Some people are called to ministry. I felt called to be a nerd.
I grew up a preacher’s kid. Any time those church doors were open, I was there. Every Sunday and Wednesday my entire family would be at church for hours. One thing I knew growing up (but didn’t appreciate until years later), was that my dad was a fantastic pastor and a visionary.
Under his leadership the church started growing. What started as a church of 380 attenders quickly doubled, then doubled again, and again, until it grew to over 4,000 attenders weekly.
People in the congregation would see me, a young five-year-old with a terrible clip-on-tie, and ask me if I’d be a pastor too someday. I just didn’t feel that spark, even at a young age. I didn’t feel called to it. At the time I felt embarrassed to say it, but I was actually interested in computers. I loved building computers and programming them. As a child I could sit for hours tinkering and learning by myself. I was hooked on anything and everything digital.
Fast forward a few years to 2010, and I turned my love of computers into a company (paulhontz.com). We built apps, digital marketing strategies and started providing technical consultations. Over the years, my company was lucky enough to be able to do some consulting work with Nike, Wells Fargo, IEEE and many more large organizations.
I still felt like I was called to be a nerd, so as my company was growing, I decided to take on a couple of churches pro bono and help them apply strategies to grow. What I learned consulting with these churches shocked me. When my team would go to a large enterprise, we’d typically see that they were lagging roughly five years behind current technical or marketing trends. However, when we went to meet with churches, we found they were another five years behind large enterprises!
To frame that another way, our research showed that most churches are roughly a decade behind the rest of the world when it comes to trends. Frankly, this is unacceptable.
Why do we allow the most important thing to atrophy? I believe it comes down to three reasons.
1. Meeting people where we wish they were, instead of where they’re actually at
Did you know that a self-selected “regular attender” only attends church 1.8 times a month? We all know that pastors want people in pews every weekend, but the reality is that over half the services you put on will not be attended by a “regular attender.”
It’s a matter of pragmatism. We need to meet people where they are (remotely), and not where we wish they were (physically in the pew).
With most churches, there is a massive disconnect between whom they are creating programming for and the reality of attendance. This will be even more pronounced in a post-COVID world.
Some questions to consider:
2. Embracing an employee mindset versus an owner mindset
One Sunday after service, I was walking out to the car with my dad. My dad’s church was going through a tremendous growth phase. The church had recently completed a beautiful new building, and the campus was immaculate.
On our way to the car, my dad noticed a weed in a flower bed. He plucked it out and kept walking. He then noticed a scrap of trash across the parking lot. He jogged over and put it in the trash.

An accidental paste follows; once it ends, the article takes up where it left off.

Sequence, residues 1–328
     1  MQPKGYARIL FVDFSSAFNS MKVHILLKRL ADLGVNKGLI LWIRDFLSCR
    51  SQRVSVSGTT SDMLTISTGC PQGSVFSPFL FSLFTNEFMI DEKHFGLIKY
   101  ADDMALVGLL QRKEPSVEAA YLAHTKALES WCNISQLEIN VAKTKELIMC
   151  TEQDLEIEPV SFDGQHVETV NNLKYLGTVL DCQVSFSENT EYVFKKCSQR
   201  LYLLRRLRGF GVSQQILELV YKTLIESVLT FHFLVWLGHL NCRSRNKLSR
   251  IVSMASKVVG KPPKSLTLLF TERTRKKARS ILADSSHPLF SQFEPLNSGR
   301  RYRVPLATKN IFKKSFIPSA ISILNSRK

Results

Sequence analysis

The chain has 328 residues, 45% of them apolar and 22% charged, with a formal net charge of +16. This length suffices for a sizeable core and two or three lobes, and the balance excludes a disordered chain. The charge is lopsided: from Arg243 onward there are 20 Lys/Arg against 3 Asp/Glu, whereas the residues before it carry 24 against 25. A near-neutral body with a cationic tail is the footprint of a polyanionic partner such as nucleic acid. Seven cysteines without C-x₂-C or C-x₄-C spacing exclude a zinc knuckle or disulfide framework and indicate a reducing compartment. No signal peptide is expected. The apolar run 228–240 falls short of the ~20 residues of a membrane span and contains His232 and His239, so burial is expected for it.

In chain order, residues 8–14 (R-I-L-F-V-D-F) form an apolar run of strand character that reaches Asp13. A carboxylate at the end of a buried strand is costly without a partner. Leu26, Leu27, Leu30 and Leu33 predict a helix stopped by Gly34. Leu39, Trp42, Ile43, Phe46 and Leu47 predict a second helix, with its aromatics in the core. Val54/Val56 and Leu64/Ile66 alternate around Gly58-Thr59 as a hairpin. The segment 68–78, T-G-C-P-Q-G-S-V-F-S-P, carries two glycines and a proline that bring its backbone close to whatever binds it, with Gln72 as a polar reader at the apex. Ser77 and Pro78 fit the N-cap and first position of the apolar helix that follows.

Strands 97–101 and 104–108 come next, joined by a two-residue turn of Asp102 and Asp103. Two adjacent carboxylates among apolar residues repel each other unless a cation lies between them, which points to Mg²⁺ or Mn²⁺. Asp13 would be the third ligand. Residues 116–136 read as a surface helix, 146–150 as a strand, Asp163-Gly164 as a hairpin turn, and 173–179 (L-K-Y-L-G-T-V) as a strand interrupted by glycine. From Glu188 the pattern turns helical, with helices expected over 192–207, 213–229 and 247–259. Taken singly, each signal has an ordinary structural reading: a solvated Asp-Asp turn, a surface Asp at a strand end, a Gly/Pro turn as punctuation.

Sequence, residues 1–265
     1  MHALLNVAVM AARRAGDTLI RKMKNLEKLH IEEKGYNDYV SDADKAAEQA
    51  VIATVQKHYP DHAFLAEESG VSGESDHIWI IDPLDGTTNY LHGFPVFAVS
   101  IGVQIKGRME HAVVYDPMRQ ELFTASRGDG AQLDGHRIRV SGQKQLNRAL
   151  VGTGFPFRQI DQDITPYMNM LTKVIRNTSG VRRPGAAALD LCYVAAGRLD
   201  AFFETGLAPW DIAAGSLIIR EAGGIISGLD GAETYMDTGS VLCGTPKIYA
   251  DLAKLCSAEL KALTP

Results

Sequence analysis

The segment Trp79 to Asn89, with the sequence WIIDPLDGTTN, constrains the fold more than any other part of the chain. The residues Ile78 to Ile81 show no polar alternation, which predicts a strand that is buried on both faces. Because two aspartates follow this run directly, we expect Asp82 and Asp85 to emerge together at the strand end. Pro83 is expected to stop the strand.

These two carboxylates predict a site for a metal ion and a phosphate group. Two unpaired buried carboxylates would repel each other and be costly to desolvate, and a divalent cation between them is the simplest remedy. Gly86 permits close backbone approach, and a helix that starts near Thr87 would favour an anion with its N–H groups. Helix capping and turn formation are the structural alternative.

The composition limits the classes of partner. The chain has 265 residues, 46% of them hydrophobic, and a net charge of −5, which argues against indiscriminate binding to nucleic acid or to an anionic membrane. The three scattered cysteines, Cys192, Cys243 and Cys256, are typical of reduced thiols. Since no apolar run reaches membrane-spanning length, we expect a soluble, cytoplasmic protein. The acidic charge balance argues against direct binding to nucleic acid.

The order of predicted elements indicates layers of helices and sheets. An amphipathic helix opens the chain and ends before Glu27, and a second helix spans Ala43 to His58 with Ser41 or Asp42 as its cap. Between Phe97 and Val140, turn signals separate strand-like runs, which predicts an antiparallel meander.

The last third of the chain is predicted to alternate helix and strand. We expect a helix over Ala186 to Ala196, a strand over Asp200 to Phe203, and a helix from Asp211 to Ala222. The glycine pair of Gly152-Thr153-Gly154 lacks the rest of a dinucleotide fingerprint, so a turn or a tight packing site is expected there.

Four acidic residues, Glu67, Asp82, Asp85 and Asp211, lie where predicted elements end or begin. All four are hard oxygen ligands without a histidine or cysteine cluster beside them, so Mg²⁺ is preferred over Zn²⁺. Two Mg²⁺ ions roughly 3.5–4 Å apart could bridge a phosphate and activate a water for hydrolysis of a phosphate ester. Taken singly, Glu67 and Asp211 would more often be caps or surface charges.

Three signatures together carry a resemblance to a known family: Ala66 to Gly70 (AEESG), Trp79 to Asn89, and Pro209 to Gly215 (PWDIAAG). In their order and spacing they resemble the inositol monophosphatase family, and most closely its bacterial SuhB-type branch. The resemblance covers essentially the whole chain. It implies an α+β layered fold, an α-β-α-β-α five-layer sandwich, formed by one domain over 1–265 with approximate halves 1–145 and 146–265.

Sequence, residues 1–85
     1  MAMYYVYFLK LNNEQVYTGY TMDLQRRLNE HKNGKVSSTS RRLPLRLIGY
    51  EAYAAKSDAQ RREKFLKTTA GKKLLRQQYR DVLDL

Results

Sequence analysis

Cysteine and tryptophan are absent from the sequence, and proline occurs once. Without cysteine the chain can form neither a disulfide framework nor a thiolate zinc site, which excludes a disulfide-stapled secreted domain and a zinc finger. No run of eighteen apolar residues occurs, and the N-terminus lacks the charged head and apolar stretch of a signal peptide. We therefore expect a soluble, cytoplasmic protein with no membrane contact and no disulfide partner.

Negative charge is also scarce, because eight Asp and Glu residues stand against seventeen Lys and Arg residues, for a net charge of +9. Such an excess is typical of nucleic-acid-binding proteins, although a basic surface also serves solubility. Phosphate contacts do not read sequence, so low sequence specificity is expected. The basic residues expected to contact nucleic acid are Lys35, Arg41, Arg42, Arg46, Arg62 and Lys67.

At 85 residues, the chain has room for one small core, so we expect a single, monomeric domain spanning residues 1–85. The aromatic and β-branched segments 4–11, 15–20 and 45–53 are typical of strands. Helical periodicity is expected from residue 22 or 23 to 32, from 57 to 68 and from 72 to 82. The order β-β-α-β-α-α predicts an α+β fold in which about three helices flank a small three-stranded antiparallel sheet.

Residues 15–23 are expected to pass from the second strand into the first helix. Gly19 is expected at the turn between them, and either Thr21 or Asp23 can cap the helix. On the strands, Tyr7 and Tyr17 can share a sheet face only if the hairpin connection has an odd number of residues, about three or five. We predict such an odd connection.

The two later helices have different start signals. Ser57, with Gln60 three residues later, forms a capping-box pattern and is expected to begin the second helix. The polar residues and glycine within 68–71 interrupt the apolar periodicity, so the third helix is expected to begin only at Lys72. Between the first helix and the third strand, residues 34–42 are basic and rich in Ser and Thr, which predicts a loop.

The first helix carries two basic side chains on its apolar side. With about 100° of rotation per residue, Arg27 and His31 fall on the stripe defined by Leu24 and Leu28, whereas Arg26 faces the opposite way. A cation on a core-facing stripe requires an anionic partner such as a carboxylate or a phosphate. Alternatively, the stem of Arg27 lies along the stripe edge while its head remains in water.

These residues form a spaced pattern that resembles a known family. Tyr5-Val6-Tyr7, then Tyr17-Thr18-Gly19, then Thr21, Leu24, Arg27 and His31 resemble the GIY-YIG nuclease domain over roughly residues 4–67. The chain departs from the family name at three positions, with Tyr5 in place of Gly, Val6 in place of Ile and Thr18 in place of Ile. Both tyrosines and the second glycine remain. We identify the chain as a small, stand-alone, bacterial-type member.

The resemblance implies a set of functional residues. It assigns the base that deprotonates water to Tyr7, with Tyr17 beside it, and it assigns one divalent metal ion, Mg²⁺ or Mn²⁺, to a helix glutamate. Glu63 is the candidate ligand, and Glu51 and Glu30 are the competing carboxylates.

Being an impatient 10-year-old who just sat through several hours of services I said, “Dad, there are janitors and gardeners to take care of that stuff. Let’s get going.”
He replied, “That’s the difference between an owner mindset and an employee mindset.”
My dad wasn’t implying that he owned the church, rather he was making a point about caring.
Put another way, “Something might not be your fault, but it is your responsibility.”
Have an ownership mentality for your church; A sense of agency. When no one is looking, are you still doing the unglamorous jobs that are “beneath” you?
3. Failing to be data-driven
My company has been fortunate enough to launch several successful multi-million-dollar projects from scratch.
Whenever we launch something new, I always want to know what the “MVP” (Minimum Viable Product) is. What’s the smallest kernel of an idea that we can test with actual users to get real feedback on. I stole this concept shamelessly from my time in Silicon Valley.
Whenever a new idea comes up, it often feels intoxicating. Our imaginations start running wild about how successful it will be and how everyone will love it.
Building out an MVP is an antidote to this sort of magical thinking. By shipping the smallest test of an idea as quickly as possible and getting it in the hands of real user, you will learn infinitely more than trying to design a perfect product in a vacuum.
We allow the data of what our users are actually doing to inform our product roadmap and what we spend development time on.
The goal here is to grasp what actually matters, versus what we think matters.
What if churches ran the same way? If I were to start a new ministry at your church, here are some of the questions I’d ask myself:
Instead of being content with the church lagging 10 years behind trends, let’s become leaders. The change can begin with your church.
This article was extracted from Issue 3 (Fall 2020) of the AVAIL Journal. Claim your free annual subscription here.
Paul Hontz lives in Holland, Michigan, with his wife and three kids. He owns several software companies and has done consulting work for Nike, Wells Fargo and many more companies. He’s a graduate of Y Combinator, which has launched more billion dollar companies than any other startup accelerator in the world.
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